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Painting, Salesianum/St. Karlshof in Zug

Landscape view of the Salesianum or St. Karlshof in Zug as seen from the lake, with a carriage and four in front of the house and a sailing boat on the water in the foreground to the right. The artist’s signature “C. Steinmann” in grey can be seen in the bottom left corner and the Luthiger coat of arms in the top left. The back of the strainer frame again gives the artist’s name “C. Steinmann A. A.” at the top as well as a handwritten pencil note that reads “1116 – 55 Neu Luthiger”. The white and silver-coloured wooden frame is decorated with moulding, has a gilt inside edge and a gilt or brown painted outside edge. Two screws, one on either side, hold a hanging wire.

The St. Karlshof estate, where the Salesianum is located, took its name from Saint Charles Borromeo (02/10/1538–03/11/1584), a papal legate. Legend has it that he crossed the lake on a ship from Buonas in 1570 and set foot on Zug soil for the first time in this location. The chapel was built in his honour in 1610 and also named after him. In 1840, Peter Josef Zwyssig (03/10/1814–21/6/1874), a citizen of Baden, bought the estate. When the monasteries were dissolved in the early 1840s, Peter Josef’s brother Alberich Zwyssig (17/11/1808–18/11/1854) fled from his monastery in Wettingen to the St. Karlshof estate in Zug. In 1898, the Menzingen Institute under Mother Salesia Strickler (who was born in Menzingen on the Bumbachhof estate) purchased the estate. Designed in the style of a French villa, the building was named Salesianum in honour of Mother Salesia (16/2/1834 – 17/5/1898). From 1971 to 2002 it was leased out to a housekeeping institute for young women with learning difficulties and from 2003 to 2010 to the Riverside School (founded in 1990, and in 2008 merged with two other schools to form the “International School of Zug and Luzern (ISZL)”). In 2011 the St. Karlshof property was taken over by the real estate company Alfred Müller AG and from 2015 to the end of February 2019 it was used by the authorities of Canton Zug to house refugees and asylum seekers. On 9/11/2018 the real estate company publicly announced that the estate would be sold to the family of Bitcoin Suisse AG founder Niklas Nikolajsen (born in 1975) (“Nikolajsen Capital AG”).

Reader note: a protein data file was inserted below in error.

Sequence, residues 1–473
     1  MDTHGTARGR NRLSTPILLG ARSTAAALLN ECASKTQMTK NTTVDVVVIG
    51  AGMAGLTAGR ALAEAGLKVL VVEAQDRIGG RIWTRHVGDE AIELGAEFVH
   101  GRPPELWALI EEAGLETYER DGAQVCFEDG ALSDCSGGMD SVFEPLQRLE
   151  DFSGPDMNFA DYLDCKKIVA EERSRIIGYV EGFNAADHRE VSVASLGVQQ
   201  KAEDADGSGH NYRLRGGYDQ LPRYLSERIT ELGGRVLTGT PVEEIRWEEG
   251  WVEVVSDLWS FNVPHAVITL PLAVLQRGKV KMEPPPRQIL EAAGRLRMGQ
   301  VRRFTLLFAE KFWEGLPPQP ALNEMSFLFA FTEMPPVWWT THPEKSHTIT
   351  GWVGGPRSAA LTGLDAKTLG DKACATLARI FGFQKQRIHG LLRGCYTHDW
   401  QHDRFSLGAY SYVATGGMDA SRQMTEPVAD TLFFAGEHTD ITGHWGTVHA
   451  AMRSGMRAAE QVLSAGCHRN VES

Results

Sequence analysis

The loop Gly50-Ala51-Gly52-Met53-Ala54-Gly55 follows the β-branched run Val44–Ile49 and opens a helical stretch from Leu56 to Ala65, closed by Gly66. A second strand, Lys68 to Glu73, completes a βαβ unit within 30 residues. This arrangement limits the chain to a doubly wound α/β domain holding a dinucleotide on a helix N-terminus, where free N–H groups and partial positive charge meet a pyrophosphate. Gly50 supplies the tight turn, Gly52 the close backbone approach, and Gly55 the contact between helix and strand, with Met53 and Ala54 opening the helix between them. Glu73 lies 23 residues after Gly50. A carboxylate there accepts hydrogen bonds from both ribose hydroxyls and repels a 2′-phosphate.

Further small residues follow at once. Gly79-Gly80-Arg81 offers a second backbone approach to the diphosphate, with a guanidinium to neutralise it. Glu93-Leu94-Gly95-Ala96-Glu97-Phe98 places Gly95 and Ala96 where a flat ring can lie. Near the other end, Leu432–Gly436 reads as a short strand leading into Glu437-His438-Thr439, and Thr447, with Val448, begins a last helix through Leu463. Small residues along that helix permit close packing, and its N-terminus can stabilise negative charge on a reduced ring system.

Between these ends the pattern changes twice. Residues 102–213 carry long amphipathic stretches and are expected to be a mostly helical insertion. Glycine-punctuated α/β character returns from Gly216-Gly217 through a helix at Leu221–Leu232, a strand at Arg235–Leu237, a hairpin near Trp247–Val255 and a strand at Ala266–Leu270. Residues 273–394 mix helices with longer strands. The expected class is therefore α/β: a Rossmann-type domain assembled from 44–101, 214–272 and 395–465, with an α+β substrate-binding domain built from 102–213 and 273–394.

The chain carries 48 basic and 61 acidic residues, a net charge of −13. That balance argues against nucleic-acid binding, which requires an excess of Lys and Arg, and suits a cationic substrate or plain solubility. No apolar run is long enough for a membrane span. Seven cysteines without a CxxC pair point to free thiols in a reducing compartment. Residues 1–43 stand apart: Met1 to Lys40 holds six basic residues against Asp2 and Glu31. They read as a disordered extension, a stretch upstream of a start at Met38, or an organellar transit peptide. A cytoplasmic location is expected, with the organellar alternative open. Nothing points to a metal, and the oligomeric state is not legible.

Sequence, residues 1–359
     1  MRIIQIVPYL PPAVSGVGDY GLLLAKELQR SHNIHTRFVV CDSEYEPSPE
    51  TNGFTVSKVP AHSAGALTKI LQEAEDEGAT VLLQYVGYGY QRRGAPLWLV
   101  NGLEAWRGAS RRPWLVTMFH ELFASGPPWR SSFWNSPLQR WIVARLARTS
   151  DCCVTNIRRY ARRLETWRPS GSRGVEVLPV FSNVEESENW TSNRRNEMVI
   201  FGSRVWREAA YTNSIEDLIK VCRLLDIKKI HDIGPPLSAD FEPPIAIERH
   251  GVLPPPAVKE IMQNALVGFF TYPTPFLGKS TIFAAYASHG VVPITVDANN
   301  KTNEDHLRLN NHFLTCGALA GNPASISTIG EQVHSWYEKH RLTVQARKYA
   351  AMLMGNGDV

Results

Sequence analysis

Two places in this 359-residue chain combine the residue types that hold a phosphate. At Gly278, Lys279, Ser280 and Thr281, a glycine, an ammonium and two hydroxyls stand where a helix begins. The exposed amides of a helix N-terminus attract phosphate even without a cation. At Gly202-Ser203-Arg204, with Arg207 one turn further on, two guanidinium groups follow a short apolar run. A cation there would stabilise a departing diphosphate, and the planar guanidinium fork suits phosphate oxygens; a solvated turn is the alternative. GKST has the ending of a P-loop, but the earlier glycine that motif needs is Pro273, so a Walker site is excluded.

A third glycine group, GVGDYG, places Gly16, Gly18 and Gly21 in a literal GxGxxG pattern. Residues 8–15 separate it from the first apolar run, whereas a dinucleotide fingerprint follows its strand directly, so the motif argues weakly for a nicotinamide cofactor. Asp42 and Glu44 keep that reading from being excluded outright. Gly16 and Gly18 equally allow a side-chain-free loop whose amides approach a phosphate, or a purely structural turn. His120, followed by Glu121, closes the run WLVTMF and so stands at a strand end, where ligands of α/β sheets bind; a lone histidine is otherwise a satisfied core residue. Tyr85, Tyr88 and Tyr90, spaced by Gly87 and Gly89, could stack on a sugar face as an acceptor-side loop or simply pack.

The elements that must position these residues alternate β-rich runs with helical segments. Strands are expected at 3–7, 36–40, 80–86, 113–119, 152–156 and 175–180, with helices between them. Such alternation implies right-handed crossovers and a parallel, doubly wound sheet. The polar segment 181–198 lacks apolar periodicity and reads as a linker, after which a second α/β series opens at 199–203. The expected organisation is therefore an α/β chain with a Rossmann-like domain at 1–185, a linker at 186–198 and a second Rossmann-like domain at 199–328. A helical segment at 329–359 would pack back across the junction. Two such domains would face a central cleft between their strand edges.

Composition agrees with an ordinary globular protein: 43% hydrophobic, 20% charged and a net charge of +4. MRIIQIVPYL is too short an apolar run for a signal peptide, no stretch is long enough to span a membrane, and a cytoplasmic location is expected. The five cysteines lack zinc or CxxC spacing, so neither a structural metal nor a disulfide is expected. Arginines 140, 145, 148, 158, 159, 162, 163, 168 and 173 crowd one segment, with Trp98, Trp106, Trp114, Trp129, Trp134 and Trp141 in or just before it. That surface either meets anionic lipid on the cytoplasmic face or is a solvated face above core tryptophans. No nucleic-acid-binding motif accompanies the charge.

The Chapel of St Charles Borromeo, together with the mansion and leaseholder’s house are listed in the inventory for the protection of cultural property as a B-object (of regional importance) under the KGS number 7361.

Inventory number: 17332
Date: Anfang 20. Jh. (Schätzung anhand Architektur)
Materials/techniques: Öl auf Leinwand; Holzrahmen, bemalt und teilvergoldet
Size: Objektmass (H x B x T): Rahmen ohne Ösen 44.6 x 59.3 x 5.3 cm
Connection to individuals/companies: Johann Conrad Steinmann (1866–1933), vermutlich, Maler

Conditions of use and reproduction:
The images in the database are the property of the Museum Burg Zug. They form a digital catalogue of the collection and are intended for illustration purposes only. Any usage by publishing, transmitting or editing of the images or any other commercial usage is subject to enquiry and requires express permission by the rights holder (Museum Burg Zug).
Information on how to order copies can be found here.
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